Dr. William Schffner an infectious disease doctor from Vanderbilt University talked about monoclonal antibodies on The Doctor Radio show on Sirius radio the other day. He said that he is hoping for mAbs to be very helpful to combat the virus. Furthermore, he was wondering why there has not been much data coming out so far. But this has been a few days ago.  This is what I have been hoping for since March. INMHO this should be a game changer since it can be both a cure and a prevention.  

I’ve also been curious about why we haven’t heard more as well.

It could be because the Ab isn’t as effective as hoped. It could be because of the multi billion dollar potential and the security is very tight.

 I worry about the cost of these.

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7 hours ago, cangelmd said:

I’ve also been curious about why we haven’t heard more as well.

It could be because the Ab isn’t as effective as hoped. It could be because of the multi billion dollar potential and the security is very tight.

 I worry about the cost of these.

Yes this is my main concern too with mAb's .  If they work as a therapeutic that would be great but like Remdesivir would be used in a setting with hospitalized COVID patients (presumably with health insurance).  I cannot see any scenario where mAb's would be used longer term for preventing viral infection in healthy people.  They do not take the place of a decent vaccine.

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17 hours ago, chipmaster said:

Dr Fauci finally summarized it all and reaffirmed a lot I've said

- no way we are normal till 2021 at the earliest

- vaccine this year while possible won't have material effect till 2021 at the earliest

- cruising won't be happening any time soon

- sadly he wouldn't be explicit and say a vaccine isn't the cure.. but indirectly pointed to the larger problem in the US.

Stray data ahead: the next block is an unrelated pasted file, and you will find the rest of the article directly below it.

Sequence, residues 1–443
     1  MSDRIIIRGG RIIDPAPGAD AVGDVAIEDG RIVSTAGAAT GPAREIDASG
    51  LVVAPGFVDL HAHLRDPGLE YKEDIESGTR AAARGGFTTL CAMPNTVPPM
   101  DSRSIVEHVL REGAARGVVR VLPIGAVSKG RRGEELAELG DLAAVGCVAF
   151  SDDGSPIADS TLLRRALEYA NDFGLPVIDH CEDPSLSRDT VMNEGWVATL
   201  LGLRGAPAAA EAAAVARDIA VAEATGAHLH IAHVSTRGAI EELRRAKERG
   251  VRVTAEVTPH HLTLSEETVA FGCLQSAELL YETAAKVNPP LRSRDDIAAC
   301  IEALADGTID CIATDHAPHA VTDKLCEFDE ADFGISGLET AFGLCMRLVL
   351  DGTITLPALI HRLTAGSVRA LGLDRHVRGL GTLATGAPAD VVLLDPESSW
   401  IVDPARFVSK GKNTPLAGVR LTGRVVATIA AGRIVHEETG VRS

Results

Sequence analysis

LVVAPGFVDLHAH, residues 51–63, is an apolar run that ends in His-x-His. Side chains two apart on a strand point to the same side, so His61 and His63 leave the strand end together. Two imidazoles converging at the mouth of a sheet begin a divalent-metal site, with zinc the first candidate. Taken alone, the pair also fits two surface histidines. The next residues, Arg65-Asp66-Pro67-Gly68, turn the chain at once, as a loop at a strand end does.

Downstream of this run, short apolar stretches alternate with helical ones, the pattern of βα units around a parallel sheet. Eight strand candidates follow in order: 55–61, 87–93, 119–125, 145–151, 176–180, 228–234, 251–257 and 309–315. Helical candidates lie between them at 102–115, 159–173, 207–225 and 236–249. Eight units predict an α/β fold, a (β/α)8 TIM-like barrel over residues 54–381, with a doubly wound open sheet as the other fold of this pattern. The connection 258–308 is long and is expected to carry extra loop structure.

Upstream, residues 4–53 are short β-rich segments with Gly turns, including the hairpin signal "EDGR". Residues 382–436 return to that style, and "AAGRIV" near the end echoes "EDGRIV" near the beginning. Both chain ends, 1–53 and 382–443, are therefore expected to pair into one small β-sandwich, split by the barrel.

https://www.cnn.com/2020/09/11/health/fauci-normal-life-2021/index.html

Your first two points relate to Fauci's comments but the link is a short read with his actual thoughts.   So thanks for posting it!

 

My view:  Fauci and most experts have been pointing out for quite some time that a vaccine, even if approved by late 2020, will not be an effective weapon against the virus until enough people are vaccinated (2 doses).  Hopefully by mid to late 2021 that would start to be the case.  That would be my best case scenario guess at this point.  But just getting health care workers and first responders started with a dose of vaccine by end of 2020 would be a huge step forward IMO.

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1 hour ago, TeeRick said:

Yes this is my main concern too with mAb's .  If they work as a therapeutic that would be great but like Remdesivir would be used in a setting with hospitalized COVID patients (presumably with health insurance).  I cannot see any scenario where mAb's would be used longer term for preventing viral infection in healthy people.  They do not take the place of a decent vaccine.

Yes, I agree that they (the companies) are pushing the term "preventative" treatment

since the mAb have a limited half life (weeks/months) depending on the dose and

NO potential memory (T&B cells). They also mention using mAb's that don't

have FC receptors to increase their half life but you are still left with clearing

the virus once the mAb's bind to the virus. They are used effectively to treat

certain disease but are EXPENSIVE to make/use.

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11 hours ago, cangelmd said:

I’ve also been curious about why we haven’t heard more as well.

It could be because the Ab isn’t as effective as hoped. It could be because of the multi billion dollar potential and the security is very tight.

 I worry about the cost of these.